Finding the Best Fund

Q: I know your position on investing in mutual funds. But what if that is all that is available in my retirement plan as a civil servant? How do I choose the best one when the majority have only been around three to five years? -- S.R., via the Internet

A: Our position on mutual funds, for those who might not know it, is that eight out of 10 of them underperform the market average. In recent years, in fact, the ratio is nine out of 10. This means that if you're in a mutual fund, there is a 90 percent chance that you'd do better to be in a no-load index fund, which simply tracks the market as a whole.

But what if you can't invest in a no-load index fund? Municipal governments in particular tend to favor load funds.

What's a load? Mutual funds come in two broad categories: those that have a sales charge and those that do not. Those that have a sales charge are called load funds; those that do not are called no-load funds. When a broker recommends a fund to one of her clients, it's probably a load fund. The load, or sales charge, is pocketed by the broker and/or other middlemen as payment for the "service of helping you pick a good fund."

There is no significant difference historically between the performance of load funds and no-load funds in terms of year-to-year performance. However, according to the latest survey by the mutual fund data analyzer Morningstar, no-load funds actually have a superior record to load funds over the last three- and five-year periods.

Let us repeat that: Funds that impose no cost to purchase have outperformed those funds that brokers pay themselves to find for their clients.

Now when you indicate that most of these funds haven't been around longer than three to five years, we're not surprised. A huge number of funds have been created in recent years to capitalize on the stock market's popularity. But we don't think that three to five years is nearly ample enough time to judge how the fund will do in the future.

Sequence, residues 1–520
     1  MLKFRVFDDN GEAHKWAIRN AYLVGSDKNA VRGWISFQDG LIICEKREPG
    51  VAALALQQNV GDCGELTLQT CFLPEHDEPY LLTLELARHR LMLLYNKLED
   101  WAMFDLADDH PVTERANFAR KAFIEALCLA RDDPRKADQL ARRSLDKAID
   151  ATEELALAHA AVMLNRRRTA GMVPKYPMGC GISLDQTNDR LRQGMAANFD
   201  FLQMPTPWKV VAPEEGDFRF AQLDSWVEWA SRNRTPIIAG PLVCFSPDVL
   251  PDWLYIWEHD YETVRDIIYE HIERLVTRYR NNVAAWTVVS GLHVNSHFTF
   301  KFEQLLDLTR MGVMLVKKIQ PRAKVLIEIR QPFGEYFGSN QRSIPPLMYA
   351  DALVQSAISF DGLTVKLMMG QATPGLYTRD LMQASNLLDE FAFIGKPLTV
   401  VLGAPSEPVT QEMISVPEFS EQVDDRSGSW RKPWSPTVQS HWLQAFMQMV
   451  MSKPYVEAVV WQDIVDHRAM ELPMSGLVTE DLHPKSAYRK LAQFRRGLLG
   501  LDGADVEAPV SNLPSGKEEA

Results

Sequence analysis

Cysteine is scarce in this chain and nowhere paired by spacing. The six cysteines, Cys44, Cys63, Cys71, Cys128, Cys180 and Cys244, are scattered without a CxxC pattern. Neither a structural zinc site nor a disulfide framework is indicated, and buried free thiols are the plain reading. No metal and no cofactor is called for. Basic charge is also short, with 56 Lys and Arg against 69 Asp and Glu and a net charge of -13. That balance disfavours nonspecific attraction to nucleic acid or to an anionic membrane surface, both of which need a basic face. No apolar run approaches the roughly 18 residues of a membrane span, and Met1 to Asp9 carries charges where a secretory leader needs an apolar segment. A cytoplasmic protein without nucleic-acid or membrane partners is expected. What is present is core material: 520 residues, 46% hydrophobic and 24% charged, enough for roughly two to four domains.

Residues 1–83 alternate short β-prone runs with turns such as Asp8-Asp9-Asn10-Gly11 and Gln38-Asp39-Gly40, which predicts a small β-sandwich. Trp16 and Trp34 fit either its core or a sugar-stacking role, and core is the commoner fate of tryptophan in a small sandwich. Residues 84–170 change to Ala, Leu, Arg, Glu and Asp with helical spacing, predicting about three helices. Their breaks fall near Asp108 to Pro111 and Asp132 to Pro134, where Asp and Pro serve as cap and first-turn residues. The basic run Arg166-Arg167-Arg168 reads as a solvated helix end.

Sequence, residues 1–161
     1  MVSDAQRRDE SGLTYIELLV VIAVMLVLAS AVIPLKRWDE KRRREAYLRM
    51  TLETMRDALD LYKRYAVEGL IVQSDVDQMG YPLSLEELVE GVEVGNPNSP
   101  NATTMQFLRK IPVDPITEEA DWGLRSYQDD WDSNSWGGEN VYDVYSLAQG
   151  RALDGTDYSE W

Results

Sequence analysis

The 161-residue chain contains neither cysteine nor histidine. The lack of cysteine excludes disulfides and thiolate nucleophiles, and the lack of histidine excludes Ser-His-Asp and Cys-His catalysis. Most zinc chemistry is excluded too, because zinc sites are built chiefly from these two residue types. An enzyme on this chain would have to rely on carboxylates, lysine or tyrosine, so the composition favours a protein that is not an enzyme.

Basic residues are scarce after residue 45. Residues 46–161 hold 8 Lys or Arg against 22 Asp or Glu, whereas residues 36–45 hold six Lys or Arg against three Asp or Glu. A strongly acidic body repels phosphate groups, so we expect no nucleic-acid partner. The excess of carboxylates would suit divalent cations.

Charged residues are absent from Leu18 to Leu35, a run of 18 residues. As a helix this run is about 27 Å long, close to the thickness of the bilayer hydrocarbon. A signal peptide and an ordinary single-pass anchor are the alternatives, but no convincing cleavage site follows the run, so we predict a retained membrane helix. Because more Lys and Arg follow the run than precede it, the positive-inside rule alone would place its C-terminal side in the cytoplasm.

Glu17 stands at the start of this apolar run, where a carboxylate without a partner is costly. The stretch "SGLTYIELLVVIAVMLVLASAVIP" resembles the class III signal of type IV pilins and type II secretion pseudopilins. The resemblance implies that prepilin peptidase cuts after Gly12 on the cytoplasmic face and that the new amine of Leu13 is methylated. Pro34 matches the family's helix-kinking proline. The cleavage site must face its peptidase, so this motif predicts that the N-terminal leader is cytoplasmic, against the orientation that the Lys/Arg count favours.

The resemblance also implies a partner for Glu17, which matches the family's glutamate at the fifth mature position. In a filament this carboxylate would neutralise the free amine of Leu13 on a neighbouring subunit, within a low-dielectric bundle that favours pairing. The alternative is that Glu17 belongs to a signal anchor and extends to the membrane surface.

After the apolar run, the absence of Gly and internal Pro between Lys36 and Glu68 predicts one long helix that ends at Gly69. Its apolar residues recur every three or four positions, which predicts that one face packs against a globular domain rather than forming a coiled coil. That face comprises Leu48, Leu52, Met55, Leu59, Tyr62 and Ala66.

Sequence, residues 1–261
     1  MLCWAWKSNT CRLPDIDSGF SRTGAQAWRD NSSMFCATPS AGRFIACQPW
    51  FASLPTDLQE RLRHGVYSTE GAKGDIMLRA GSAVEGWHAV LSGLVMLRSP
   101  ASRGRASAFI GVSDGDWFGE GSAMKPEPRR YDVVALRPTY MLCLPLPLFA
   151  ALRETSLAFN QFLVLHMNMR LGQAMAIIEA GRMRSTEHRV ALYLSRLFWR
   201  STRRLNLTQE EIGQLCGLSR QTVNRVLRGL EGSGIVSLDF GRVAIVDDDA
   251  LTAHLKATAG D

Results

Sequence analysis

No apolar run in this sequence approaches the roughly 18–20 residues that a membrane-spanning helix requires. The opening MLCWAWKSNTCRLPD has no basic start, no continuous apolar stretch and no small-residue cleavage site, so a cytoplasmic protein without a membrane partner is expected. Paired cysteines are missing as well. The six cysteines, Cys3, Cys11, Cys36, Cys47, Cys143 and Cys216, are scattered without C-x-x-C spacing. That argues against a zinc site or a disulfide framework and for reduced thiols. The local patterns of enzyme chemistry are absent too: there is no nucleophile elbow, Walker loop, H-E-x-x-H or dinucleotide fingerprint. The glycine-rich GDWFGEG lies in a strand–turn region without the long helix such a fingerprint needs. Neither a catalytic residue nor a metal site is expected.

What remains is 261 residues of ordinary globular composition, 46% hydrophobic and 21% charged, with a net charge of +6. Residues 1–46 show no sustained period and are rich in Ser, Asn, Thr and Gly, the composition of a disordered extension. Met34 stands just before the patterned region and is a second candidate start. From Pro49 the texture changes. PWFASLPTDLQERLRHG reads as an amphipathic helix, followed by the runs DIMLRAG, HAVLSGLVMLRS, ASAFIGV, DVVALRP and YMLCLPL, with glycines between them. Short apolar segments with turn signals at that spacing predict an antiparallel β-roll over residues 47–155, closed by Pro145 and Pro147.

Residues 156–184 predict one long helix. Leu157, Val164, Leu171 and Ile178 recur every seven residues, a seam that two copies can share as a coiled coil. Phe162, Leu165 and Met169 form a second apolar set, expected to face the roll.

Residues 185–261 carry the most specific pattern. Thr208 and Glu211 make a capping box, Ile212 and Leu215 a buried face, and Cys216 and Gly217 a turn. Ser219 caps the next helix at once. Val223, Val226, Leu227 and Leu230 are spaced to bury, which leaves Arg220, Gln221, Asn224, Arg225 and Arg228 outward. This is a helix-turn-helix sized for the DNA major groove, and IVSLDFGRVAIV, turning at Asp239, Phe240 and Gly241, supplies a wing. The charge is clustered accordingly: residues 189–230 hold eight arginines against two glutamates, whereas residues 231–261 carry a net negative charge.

In selecting from the funds available to you in your plan, you should determine the "expense ratio" of each of the funds. The expense ratio shows how much money the fund charges its shareholders every year so that it can operate and the fund manager can take lavish vacations. The average expense ratio tends to be around 1.5 percent for a stock mutual fund. Find a low expense ratio fund -- one that charges less than 1 percent annually. Also try to find a fund whose lifetime returns are closest to those of the S&P 500. That is, try to find a fund that is close to an index fund. Find out which stocks that fund holds currently. With any luck, it will include some of the heavyweights of the S&P 500, and that's why its results have fairly closely approximated those of the S&P 500. And if you can, lobby the powers that be at your employer to include index funds as an option. Call your friends and co-workers. Create a groundswell. Change the world!

WHAT NOW? You may be bamboozled by a host of terms thrown at you about the funds that are offered by your retirement plan: 12b-1 fees, front-end loads, back-end loads and so forth. You'll find these terms explained here. And the Securities and Exchange Commission has an excellent mutual fund cost calculator.

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